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Opinion >  Column

The Slice: You can’t put a price tag on checkout-lane conversation

Apparently I am not the only one who interacts in the grocery checkout lane.

“About 25 years ago, I struck up a conversation with a gal in the checkout line at the old Rosauers on Trent in Millwood,” wrote Sue Quinn. “We found out that both of us were single moms getting ready for classes to start at SFCC. I was in Graphic Design and she was in Visual Media. Anyway, to make a long story short, I changed to her program and yes, today, we are still the best of girlfriends. We always talk about how we met.”

Francie Radecki shared this. “I had a cart full of items, and the young woman behind me only had a few. I told her she could go ahead of me. I looked at her. She looked familiar. We exchanged the ‘Where do you work?’ et cetera … She asked my last name, and I told her. She said, ‘I used to date your son.’ I told her he would soon be home from college, and she should give him a call. (I had liked her from the first moment I met her.) That was several years ago. They just recently enriched our lives with an adorably lovable little grandson.”

Carole Williams was in a South Hill supermarket shortly before Thanksgiving. The woman next to her in line noticed that Williams was buying a couple of bags of cranberries. She said she never bought them because she didn’t know what to do with them. That led to online recipe sharing.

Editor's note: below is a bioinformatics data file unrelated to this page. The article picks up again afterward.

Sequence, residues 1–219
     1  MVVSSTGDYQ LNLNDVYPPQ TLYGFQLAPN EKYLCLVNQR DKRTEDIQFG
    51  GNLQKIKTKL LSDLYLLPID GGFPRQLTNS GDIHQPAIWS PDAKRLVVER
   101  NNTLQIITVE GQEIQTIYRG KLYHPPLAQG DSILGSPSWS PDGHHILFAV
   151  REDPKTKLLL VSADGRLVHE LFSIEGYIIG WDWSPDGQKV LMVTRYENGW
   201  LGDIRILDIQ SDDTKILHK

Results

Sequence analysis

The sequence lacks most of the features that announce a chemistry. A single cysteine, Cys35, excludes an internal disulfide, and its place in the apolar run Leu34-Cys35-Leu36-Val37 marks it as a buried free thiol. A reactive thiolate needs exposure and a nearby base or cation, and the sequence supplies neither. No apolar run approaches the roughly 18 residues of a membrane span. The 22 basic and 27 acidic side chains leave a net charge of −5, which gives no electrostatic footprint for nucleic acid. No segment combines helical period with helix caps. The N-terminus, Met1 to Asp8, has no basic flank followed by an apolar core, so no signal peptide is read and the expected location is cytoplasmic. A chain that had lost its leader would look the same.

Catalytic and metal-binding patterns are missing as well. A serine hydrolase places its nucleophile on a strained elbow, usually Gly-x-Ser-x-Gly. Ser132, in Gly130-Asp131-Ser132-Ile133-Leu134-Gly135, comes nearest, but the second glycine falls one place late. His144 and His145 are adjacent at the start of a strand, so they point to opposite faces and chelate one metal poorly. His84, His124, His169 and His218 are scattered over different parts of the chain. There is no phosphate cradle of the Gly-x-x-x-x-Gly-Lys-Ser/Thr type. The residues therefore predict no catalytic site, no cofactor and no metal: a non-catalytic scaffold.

Of course, not all checkout aisle exchanges are quite like that. Just ask Sue Hicks.

“My husband stopped at a grocery store in a part of town that we don’t usually frequent and a man approached him in the checkout lane and said, ‘Say, did you get any tattoos in prison?’ ”

Hicks’ husband, who has not done time, was unable to help the gentleman with his query.

Word power made easy: Jennifer Miller’s twin 3-year-old sons, August and Elliot, can’t seem to pronounce “olives.”

They say ah-vles.

And instead of “backpacks,” the boys say “pack-packs.”

Miller’s solution? “If you can’t beat ’em, join ’em.”

So don’t forget to put your ah-vles in your pack-pack.

Today’s Slice question: How do you react to country singers wearing cowboy hats?

Write The Slice at P.O. Box 2160, Spokane, WA 99210; call (509) 459-5470; email Not everyone can successfully complete a field sobriety test even when sober.

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